The ability of people to cope with age and life changes is different as they grow old (Folkman & Moskowitz, 2000; Nahemow, McCluskey-Fawcett, & McGhee, 1986; J. C. Solomon, 1996). The older the person is, the wiser he or she will be; wise person would be able to cope with life event successfully (Lucille Nahemow, 1986). Taking this into consideration, cognitive flexibility is an asset for one to interpret and enjoy humour. Kane, Suls and Tedeschi (1977) emphasised the importance of cognitive aspect in order to experience humour.

Thus, in studying humour among the elderly, cognitive aspects need to be considered. This is because cognitive decline in the elderly especially in humour comprehension or appreciation could lead to very stressful life (Lucille Nahemow, 1986). However, if the elderly are able to see things that go wrong and able to laugh at it, this could give greater experience for them and make them feel happy despite of the difficulty in humour comprehension.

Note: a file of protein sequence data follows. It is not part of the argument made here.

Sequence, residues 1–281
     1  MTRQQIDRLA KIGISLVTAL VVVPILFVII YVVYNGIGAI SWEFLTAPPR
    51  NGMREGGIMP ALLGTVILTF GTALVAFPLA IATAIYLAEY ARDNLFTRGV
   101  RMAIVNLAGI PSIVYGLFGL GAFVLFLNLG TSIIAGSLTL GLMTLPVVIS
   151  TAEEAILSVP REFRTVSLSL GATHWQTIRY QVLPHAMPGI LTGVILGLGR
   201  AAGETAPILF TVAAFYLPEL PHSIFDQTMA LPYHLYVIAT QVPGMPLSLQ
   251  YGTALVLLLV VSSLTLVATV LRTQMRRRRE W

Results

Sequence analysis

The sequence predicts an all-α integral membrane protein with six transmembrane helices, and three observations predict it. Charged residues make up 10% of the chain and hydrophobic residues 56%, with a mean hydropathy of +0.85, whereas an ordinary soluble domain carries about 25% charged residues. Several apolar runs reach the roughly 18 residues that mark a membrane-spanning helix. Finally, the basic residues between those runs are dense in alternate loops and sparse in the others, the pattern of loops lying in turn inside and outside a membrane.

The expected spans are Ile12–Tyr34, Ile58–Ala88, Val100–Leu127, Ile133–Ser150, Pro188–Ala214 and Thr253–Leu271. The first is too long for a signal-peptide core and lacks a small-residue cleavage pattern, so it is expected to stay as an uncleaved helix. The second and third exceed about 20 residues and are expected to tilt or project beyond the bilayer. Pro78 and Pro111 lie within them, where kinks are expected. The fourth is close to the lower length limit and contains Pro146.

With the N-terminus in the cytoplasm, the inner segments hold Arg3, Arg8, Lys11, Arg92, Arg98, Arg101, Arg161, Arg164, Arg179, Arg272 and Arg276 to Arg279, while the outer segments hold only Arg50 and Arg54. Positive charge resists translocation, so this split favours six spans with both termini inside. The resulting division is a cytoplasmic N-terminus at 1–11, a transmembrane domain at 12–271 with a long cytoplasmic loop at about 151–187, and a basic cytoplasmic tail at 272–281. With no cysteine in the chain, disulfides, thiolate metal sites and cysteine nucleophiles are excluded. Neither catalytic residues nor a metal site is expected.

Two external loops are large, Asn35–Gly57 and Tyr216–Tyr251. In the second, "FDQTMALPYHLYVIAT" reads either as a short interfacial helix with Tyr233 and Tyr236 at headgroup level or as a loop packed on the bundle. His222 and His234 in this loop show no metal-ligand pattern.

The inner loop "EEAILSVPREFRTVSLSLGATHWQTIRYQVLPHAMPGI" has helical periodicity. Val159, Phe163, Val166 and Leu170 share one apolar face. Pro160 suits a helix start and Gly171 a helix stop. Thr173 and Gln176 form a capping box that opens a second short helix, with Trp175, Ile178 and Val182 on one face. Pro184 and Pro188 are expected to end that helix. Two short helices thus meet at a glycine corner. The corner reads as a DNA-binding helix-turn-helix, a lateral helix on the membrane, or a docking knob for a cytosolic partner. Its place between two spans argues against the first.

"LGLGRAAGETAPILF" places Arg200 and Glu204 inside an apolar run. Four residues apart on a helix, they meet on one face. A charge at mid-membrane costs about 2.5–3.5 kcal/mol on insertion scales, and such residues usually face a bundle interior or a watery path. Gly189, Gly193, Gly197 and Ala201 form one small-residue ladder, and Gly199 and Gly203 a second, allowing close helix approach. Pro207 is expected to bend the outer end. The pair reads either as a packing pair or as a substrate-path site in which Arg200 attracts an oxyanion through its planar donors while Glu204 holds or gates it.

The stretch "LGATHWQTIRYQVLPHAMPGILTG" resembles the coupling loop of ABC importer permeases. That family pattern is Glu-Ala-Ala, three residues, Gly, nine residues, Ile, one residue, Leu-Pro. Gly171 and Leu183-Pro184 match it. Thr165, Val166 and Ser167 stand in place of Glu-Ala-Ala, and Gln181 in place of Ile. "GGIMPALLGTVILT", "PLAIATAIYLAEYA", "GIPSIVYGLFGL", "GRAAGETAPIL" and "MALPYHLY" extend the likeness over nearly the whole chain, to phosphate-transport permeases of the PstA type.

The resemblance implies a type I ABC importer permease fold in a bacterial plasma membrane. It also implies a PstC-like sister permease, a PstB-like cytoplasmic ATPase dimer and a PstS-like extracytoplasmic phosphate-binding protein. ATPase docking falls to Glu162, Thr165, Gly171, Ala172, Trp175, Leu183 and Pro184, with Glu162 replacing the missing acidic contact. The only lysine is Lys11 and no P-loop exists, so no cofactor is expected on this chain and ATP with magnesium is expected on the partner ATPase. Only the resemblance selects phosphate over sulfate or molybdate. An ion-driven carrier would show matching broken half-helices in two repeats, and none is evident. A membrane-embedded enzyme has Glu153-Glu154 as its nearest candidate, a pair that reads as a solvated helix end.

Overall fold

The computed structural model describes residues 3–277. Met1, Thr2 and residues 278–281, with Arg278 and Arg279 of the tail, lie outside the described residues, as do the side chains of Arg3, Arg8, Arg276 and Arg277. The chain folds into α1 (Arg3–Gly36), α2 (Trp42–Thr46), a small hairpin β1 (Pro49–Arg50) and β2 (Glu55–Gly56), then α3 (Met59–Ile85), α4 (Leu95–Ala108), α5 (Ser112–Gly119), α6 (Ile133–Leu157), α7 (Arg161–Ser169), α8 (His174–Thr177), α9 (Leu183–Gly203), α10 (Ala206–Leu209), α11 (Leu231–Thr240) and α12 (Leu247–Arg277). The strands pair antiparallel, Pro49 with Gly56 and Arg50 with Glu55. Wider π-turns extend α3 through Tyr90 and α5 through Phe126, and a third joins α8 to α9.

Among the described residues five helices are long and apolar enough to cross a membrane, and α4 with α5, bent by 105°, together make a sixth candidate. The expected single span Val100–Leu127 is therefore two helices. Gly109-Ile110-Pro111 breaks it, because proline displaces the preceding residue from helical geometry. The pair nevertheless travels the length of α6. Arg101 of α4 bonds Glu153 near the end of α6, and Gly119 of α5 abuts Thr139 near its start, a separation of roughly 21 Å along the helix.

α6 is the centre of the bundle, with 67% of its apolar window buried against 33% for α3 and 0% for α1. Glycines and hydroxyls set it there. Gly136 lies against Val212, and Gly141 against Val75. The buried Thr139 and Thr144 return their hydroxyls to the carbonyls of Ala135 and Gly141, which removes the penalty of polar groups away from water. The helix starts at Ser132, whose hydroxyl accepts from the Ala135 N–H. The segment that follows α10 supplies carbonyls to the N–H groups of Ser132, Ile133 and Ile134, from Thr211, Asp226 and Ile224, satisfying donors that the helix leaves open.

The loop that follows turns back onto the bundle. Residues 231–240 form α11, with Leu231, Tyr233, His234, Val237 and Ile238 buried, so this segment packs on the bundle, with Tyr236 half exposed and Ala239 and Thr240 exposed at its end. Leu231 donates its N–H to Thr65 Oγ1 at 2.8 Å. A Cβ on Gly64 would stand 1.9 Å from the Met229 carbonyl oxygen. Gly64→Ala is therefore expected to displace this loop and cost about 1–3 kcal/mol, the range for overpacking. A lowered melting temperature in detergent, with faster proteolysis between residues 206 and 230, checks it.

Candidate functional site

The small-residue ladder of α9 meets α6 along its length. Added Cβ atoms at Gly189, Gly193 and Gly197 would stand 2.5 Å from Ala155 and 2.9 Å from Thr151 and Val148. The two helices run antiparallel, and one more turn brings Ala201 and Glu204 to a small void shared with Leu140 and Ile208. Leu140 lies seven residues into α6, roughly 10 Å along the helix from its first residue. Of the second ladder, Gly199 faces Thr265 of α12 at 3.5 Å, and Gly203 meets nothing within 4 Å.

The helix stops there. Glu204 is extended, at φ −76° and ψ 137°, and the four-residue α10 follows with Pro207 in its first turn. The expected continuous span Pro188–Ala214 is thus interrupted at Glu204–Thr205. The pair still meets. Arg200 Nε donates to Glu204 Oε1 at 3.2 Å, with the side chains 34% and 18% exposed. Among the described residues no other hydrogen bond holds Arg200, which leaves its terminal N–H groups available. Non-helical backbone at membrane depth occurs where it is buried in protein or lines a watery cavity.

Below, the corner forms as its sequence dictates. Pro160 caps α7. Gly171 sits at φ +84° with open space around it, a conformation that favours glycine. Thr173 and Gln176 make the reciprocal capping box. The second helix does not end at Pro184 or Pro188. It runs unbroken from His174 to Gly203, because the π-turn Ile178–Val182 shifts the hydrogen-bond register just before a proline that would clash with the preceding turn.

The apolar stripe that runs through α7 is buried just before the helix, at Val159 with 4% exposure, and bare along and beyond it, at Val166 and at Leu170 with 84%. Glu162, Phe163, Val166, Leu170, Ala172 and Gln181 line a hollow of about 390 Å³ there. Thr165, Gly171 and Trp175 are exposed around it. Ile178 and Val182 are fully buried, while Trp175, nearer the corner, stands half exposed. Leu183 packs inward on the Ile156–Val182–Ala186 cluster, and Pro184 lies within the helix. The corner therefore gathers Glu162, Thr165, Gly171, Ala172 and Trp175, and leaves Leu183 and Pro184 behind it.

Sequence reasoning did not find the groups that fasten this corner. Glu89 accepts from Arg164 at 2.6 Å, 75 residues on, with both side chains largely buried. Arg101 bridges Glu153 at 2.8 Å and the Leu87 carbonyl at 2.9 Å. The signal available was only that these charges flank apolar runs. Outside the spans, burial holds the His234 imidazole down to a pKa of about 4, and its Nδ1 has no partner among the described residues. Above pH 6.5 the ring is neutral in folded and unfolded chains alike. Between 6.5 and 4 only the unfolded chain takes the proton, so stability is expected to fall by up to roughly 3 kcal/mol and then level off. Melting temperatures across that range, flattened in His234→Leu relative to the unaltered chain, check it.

Therefore, in order to study humour and aging, the intellectual process of humour must be recognised. People who have sense of humour could help other people to age positively (Jose, Parreira, Thorson, & Allwardt, 2007). Fry (1986) further explained the humour physiological aspects that could help the elderly to have greater control on their emotions by stimulating the role of humour in life as they age.

However, studies on humour and its effect to human especially among the elderly are still few in number (Proyer, Ruch, & Mǖller, 2009; Melissa Bekelja Wanzer, et al., 2009; N.G Westburg, 2003). The positive impact of humour for the elderly shows the need to understand the meaning and experience of using humour in depth (Proyer, et al., 2009; Ruch, Proyer, & Weber, 2010).

Research Problem

Humour does contribute to successful aging (Maurer & Kogan, 2008; N.G Westburg, 2003).But, the understanding of humour must be achieved first. Human is given natural instinct such as sense of humour (Del Real, 2006) and will react to humour according to certain condition and situation (Rose, 2008) that will induce laughter (Mueller, 2006). Laughter, as part of human behaviour and concomitantly will effect human lifespan (Provine, 2000).